Preschool good for California over long term

Only in Capitol politics could anti-tax groups run a campaign against one
tax increase by advocating another. But with a straight face, that’s exactly
what the California Taxpayers Association and the Howard Jarvis Taxpayers
Association are doing as they gear up to oppose Proposition 82, the
preschool-for-all initiative, on the June ballot.

Proposition 82 will provide access to voluntary, quality preschool programs
for all four-year-olds while raising standards for preschool teachers and
encouraging more parental involvement. Both the Legislative Analyst’s Office
and researchers at the Stanford University School of Education have
concluded that Proposition 82 will generate sufficient revenue to expand
preschool to all children. The initiative has been endorsed by a bipartisan
coalition that reflects its widespread support, from the California Teachers
Association to the Los Angeles Area Chamber of Commerce, as well as
organizations representing California’s police chiefs, sheriffs,
firefighters and nurses.

Faced with a popular, well-written ballot initiative, Sacramento’s
professional anti-tax crusaders are running a classic bait-and-switch
campaign aimed at convincing voters to oppose preschool in favor of
increased funding for the K-12 education system. It’s a strategy that
veteran Los Angeles Times columnist George Skelton called “disingenuous,”
concluding that the No on 82 campaign “wouldn’t favor raising taxes on the
rich regardless of the cause.”

Californians recognize that by investing in preschool, we can give all
children a head start on learning and can strengthen our schools. According
to the latest public-opinion poll by the Public Policy Institute of
California released last month, more than eight in ten likely voters believe
that attending preschool is important to a child’s success in school.

This widespread support for preschool reflects what every parent knows:
Children at age four are ready and eager to learn. Quality preschool takes
advantage of this critical period by laying a solid foundation for language,
literacy and social development. Four decades of research have shown that
children who go to preschool read earlier, learn faster and are less likely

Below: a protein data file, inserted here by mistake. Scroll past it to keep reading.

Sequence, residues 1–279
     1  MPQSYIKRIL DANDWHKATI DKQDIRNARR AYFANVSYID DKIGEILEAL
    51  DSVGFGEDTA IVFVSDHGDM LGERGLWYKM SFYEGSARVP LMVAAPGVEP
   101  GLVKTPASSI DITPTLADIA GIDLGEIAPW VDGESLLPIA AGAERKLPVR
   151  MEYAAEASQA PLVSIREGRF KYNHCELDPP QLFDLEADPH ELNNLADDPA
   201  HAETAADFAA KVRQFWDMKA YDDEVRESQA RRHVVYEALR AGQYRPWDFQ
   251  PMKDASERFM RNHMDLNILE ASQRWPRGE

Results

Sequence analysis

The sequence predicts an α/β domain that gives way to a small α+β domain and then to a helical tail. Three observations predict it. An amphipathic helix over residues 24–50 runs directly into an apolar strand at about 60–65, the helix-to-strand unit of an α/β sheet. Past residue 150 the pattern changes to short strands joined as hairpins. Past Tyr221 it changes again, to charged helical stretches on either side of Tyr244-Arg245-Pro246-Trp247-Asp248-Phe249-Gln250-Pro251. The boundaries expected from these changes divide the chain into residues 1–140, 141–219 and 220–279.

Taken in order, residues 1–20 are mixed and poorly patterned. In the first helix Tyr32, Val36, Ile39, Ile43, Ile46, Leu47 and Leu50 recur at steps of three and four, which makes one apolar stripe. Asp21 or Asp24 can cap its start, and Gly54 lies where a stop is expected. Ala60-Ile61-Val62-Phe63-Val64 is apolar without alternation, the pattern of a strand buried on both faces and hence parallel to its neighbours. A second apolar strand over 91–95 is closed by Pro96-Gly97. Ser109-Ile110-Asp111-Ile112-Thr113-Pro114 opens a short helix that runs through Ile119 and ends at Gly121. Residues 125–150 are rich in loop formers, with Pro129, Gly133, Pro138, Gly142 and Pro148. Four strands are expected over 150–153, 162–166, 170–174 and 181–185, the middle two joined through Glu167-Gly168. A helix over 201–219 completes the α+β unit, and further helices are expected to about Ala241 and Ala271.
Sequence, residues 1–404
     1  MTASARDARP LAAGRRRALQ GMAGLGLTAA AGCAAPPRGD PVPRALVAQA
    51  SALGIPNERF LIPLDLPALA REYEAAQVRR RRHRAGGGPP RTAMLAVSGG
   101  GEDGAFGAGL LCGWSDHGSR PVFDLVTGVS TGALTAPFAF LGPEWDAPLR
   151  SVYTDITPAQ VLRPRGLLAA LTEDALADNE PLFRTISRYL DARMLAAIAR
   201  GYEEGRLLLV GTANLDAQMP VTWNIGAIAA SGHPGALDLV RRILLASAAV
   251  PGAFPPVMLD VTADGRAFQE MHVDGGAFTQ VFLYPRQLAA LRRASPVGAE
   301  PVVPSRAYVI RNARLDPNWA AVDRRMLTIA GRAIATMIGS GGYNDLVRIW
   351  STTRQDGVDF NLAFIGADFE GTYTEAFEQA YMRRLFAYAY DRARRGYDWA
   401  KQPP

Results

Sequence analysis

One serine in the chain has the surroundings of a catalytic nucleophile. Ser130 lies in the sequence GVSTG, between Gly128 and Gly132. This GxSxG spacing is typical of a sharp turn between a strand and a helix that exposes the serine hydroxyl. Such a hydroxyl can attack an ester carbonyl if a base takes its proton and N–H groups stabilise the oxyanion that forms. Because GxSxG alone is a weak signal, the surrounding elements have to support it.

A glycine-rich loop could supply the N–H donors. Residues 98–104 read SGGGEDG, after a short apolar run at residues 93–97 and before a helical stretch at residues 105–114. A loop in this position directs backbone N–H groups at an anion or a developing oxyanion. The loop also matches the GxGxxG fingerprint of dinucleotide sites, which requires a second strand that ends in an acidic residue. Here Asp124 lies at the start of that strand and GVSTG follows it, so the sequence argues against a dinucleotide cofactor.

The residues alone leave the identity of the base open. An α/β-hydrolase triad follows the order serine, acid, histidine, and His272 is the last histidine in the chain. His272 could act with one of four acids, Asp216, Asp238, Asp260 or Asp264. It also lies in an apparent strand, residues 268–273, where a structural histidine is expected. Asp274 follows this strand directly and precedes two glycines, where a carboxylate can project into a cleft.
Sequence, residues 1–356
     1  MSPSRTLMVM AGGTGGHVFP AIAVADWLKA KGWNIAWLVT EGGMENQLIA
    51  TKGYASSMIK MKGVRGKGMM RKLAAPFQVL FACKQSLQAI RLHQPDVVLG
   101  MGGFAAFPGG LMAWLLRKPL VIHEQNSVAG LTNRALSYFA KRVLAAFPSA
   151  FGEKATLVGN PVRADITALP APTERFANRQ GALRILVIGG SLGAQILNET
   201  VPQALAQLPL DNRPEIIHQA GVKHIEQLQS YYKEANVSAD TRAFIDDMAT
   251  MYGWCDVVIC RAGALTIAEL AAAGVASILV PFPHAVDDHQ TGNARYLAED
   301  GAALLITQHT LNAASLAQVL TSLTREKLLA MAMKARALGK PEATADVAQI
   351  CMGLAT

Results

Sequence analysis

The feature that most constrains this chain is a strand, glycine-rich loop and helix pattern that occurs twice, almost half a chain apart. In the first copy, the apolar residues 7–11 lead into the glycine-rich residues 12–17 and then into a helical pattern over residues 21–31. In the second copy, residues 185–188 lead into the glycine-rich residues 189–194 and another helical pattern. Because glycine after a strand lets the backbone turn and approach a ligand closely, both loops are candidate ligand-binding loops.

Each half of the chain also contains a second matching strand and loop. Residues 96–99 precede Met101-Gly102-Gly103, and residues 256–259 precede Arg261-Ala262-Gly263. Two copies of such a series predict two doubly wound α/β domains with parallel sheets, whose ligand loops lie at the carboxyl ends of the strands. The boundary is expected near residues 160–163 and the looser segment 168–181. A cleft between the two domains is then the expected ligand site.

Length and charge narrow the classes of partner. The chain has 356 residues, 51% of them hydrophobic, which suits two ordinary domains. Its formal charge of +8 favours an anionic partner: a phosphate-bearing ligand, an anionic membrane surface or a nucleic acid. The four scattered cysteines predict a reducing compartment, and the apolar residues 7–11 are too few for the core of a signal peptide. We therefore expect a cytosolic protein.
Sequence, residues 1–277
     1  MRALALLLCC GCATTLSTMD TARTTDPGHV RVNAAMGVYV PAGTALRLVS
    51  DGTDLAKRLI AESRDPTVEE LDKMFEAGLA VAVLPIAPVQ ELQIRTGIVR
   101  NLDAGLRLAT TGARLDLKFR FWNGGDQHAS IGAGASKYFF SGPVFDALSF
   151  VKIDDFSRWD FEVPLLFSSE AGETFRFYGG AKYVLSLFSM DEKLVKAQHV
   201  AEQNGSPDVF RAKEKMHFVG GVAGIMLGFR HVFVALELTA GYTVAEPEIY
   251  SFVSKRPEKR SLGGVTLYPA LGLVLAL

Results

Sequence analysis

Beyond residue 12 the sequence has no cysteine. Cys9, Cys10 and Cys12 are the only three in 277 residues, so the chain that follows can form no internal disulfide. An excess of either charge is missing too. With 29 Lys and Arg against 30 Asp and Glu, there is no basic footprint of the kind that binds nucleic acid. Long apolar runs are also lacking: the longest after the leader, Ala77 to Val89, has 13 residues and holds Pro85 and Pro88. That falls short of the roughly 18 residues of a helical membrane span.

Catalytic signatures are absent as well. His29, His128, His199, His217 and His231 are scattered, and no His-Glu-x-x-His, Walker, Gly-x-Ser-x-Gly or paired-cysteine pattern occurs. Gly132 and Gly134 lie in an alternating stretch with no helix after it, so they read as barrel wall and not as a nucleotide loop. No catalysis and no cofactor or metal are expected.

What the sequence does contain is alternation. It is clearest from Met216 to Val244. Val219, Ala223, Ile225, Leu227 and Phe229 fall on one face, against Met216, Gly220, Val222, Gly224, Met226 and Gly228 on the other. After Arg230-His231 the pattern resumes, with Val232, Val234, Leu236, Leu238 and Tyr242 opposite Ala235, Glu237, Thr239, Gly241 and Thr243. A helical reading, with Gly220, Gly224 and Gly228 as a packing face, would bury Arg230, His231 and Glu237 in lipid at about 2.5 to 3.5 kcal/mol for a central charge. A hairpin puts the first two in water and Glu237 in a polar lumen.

to be held back in school or to be tracked into remedial-education classes.
Currently only one in five of California’s children attend quality preschool
programs with well-qualified teachers. Unequal access to early education has
serious consequences for our schools. The latest standardized test results
show that nearly twice as many white fourth-graders are proficient in
language arts as Latino students. This gap doesn’t just appear in fourth
grade. According to a 2004 study by Policy Analysis for California Education
(PACE), the difference between students in fourth grade is largely visible
when children enter kindergarten. Proposition 82 will level the playing
field and help close the achievement gap that separates low-income and
minority students from their peers.

Preschool for all is not only good policy, it is also one of the most
cost-effective investments we can make. A 2005 study by the RAND Corporation
estimated that every dollar invested in universal preschool in California
would generate between $2.62 and $4 in savings from reduced
remedial-education costs, reduced juvenile crime and increased tax revenues.

Despite the evidence showing that quality preschool helps children succeed
in and saves money in the long run, the No on 82 campaign has adopted the
slogan, “Fix K-12 First,” indicating they now support a dedicated tax
increase so long as it is targeted toward K-12 schools.

I have decided to take them at their word. As the author of legislation to
increase tax rates on upper-income Californians in 2003, 2004 and 2005
(bills that were opposed by the California Chamber and the California
Taxpayers Association), I see their endorsement of K-12 funding as an
opportunity to raise additional revenue to support our children’s education.

Last week, I sent a letter to the No on 82 campaign chairs, Small Business
Action Committee President Joel Fox and California Chamber of Commerce
President Allan Zaremberg, offering my hand in a new bipartisan partnership.

With the help of Fox and Zaremberg, I have no doubt we will be able to
secure the Republican votes necessary to pass a bill reinstating the
upper-income tax brackets, in effect since the early 1990s under Pete
Wilson, to go toward K-12 funding.

I’m still waiting for an answer. In the meantime, Californians will have a
real opportunity to invest in our children and improve our schools by voting
for Proposition 82 in June.

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